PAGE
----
SDG&E is robbing and endangering San Diego residents

San Diego residents pay the highest electricity rates in the country, according to the U.S. Bureau of Labor Statistics, with households paying an average of 36.5 cents per kilowatt-hour last December. Los Angeles residents pay 34% less (24 cents per kWh) and Riverside County residents pay 23.8 cents per kWh.

San Diego Gas and Electric is owned by Sempra, a publicly traded company with a revenue of $12.184 billion in 2021. Even with this outrageous amount of profit, SDG&E still decided to exact a 7.8% rate increase that was finalized in January.

Customers are dealing with sticker shock over the last several years, as SDG&E’s rate increases, which started in 2013, are expected to outpace inflation by almost 70% by 2030. The most common excuse from SDG&E for price hikes is that they do not set their rates alone, but in conjunction with the California Public Utilities Commission.

The CPUC is a statewide body that regulates privately owned electric, natural gas, telecommunications, water, railroad, rail transit and passenger transportation companies. The CPUC board is made up of five commissioners that are appointed by the governor. Public records show that Sempra donated more than $29,000 to Gavin Newsom’s gubernatorial campaign in 2018.

Liberation News spoke with San Diego resident Jasmin Rivas. Rivas stated, “[This] rate increase has taken a toll on myself and many of my friends. The fact that they’re doing this in a pandemic, during inflation at a time where millions of people are struggling to make ends meet truly highlights how insensitive they are. They’re showing individuals like myself that they care more about money than the people that keep their business going.”

SDG&E neglect

In 2007, when three deadly wildfires raged through San Diego County, SDG&E made a request to the CPUC to pass $379 million in costs related to damage from the wildfires onto residents. This request was denied, as SDG&E was found culpable for not reasonably managing and operating its facilities.

Investigations by CAL FIRE and the CPUC determined two of the 2007 fires were caused by sparks from downed wires and another was caused when a lashing wire owned by Cox Communications hit an SDG&E power line. SDG&E engaged in a legal battle with the CPUC, ending in 2019 with the Supreme Court of the United States also ruling against the company.

Since then, SDG&E spent about $3 billion to prevent wildfires in its service territory. Rather than take accountability for damages the energy company causes, SDG&E used the improvements as a loophole to unload more costs onto residents.

Energy companies similar to SDG&E, such as Pacific Gas and Electric and Southern California Edison, jumped onto the same SCOTUS case to side with SDG&E. PG&E entered the case just a few weeks before the deadly wine country wildfires of 2017 broke out, which killed 44 people and destroyed 250,000 acres.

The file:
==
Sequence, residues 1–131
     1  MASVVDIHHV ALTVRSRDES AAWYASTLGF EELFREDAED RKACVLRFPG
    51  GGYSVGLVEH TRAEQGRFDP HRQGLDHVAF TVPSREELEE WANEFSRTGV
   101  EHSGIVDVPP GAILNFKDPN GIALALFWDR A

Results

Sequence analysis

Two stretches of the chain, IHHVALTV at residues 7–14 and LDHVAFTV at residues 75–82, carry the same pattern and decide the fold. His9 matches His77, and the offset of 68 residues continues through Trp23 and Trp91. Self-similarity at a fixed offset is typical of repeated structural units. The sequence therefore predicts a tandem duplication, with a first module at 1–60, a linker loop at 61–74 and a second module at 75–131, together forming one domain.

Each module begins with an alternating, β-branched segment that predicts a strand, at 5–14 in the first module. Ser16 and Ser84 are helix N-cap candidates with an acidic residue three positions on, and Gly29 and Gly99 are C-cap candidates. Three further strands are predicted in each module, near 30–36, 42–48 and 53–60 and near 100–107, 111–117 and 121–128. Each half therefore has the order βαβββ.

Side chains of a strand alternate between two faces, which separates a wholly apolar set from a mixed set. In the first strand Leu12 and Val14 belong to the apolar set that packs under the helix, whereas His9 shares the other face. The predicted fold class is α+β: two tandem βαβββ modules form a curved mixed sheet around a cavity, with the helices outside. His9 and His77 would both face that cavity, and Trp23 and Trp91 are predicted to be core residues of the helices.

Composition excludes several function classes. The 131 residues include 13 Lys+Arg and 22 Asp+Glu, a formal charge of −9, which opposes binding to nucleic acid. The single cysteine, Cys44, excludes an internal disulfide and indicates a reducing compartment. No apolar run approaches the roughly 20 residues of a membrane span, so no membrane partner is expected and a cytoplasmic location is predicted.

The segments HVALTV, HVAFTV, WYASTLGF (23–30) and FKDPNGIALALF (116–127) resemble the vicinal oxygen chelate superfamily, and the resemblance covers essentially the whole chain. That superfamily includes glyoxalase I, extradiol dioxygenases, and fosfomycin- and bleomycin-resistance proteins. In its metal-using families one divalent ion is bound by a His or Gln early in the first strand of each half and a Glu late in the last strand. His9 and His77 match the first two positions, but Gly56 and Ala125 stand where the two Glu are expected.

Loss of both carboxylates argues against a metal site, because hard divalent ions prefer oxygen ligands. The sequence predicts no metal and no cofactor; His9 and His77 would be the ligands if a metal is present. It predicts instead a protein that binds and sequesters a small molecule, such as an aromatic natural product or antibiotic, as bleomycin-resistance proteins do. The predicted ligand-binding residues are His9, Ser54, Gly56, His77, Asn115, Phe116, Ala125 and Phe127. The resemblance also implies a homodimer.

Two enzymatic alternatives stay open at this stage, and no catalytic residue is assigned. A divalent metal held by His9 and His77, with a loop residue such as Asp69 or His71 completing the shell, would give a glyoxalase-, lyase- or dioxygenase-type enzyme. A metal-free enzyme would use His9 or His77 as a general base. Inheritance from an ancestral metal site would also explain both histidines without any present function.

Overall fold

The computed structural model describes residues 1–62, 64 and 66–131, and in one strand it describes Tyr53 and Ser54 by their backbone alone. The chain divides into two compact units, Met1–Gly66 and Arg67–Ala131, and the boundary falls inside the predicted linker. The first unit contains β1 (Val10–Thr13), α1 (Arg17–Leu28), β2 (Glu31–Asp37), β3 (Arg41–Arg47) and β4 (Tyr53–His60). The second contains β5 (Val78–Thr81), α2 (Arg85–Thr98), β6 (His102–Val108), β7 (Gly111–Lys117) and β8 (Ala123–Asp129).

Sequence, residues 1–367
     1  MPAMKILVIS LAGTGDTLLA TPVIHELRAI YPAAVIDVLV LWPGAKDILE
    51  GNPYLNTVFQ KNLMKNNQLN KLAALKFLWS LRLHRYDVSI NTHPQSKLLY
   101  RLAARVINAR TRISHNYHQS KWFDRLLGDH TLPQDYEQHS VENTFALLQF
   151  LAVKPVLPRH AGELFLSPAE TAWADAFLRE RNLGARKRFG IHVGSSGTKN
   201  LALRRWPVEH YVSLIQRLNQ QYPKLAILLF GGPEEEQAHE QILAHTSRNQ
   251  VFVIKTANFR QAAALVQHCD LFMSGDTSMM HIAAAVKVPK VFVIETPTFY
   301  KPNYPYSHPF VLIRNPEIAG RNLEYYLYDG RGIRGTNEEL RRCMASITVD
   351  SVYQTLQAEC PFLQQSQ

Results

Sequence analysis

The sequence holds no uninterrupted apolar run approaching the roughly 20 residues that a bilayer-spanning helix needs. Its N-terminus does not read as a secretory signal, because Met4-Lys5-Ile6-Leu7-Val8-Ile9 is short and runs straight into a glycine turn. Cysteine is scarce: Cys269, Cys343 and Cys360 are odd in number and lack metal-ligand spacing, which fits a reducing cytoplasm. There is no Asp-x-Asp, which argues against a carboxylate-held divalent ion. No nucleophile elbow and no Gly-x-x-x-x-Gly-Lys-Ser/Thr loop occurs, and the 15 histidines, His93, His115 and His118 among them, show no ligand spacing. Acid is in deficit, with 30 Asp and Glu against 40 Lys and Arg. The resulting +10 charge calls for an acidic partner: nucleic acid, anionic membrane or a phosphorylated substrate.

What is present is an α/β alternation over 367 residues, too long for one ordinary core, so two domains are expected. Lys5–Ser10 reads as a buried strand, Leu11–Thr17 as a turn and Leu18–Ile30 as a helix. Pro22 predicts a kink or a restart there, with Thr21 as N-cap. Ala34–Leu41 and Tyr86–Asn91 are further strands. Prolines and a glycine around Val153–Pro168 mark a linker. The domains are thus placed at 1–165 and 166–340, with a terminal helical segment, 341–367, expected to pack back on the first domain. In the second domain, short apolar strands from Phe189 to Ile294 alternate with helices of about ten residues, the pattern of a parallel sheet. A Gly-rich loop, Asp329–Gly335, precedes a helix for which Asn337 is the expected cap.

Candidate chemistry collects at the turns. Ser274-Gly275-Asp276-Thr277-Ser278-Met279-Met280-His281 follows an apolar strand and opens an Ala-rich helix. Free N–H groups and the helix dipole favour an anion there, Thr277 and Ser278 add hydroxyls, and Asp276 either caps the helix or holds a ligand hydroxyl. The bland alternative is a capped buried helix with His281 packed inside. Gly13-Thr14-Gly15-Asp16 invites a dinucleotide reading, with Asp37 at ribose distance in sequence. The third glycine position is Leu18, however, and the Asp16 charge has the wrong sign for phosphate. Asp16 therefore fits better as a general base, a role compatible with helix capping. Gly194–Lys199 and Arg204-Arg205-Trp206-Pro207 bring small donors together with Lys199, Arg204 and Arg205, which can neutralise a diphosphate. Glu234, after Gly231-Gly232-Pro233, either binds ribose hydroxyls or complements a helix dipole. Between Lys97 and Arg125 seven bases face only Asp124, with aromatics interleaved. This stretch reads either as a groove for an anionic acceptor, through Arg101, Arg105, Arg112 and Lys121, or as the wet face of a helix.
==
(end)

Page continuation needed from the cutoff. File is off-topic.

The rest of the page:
CAL FIRE blamed the San Francisco based energy company for causing 17 of the fires that broke out in wine country, but PG&E executives faced no criminal charges. The company filed for bankruptcy in 2019 due to a flood of lawsuits in the aftermath of the 2017 wildfires. The CPUC also fined PG&E $125 million after one of its transmission lines caused the Kincade wildfire in Sonoma County in 2019, and found the company’s poorly maintained equipment also responsible for several other wildfires in Northern California that same year.

Not exclusive to California

The destruction caused by decentralized, private power grids cannot be understated. We can look to Texas for another example. ERCOT, the 501(c)4 organization that regulates the Texas power grid, left millions to suffer a blackout during record freezing temperatures during the February 2021 power crisis, the worst energy infrastructure failure in the state’s history. More than 700 people died as a result of the Texas power failure caused by ERCOT.

During the crisis, some energy firms made billions in profits due to some firms being able to pass extremely high wholesale prices up to $9,000/MWh, the system cap set by ERCOT. This created $16 billion in unnecessary charges which consumers had to pay for despite the disaster being directly attributed to ERCOT not preparing Texas’ power grid infrastructure for the blizzard.

SDG&E’s power continues to expand

SDG&E holds a near monopoly on San Diego County’s power grid. But the first few months of 2022, many cities within San Diego County, including residences in Imperial Beach, La Mesa, Encinitas, and Chula Vista, are switching from SDG&E to San Diego Community Energy for their electricity.

San Diego Community Power is a “community choice” energy program, which provides customers with electricity that comes from at least 50 percent renewable energy sources, like wind and solar. It also offers electric power at slightly better rates, and will eventually roll out to much of the county. While in these cases San Diego Community Power is in charge of purchasing power, SDG&E will still be in charge of other areas, like transmission, power distribution and customer billing.

Organizations such as Public Power San Diego are fighting back against SDG&E exploitation. Ultimately, the abolition of for-profit power through a centralized, publicly controlled power grid that prioritizes preventative infrastructural improvements and preemptive measures to address the effects of climate change would be the best service option for working people everywhere. Utilities are a basic human right and they should not be sold for profit.

Photo from a protest in Texas demanding ERCOT execs be held jailed and the company put under public control. Liberation photo

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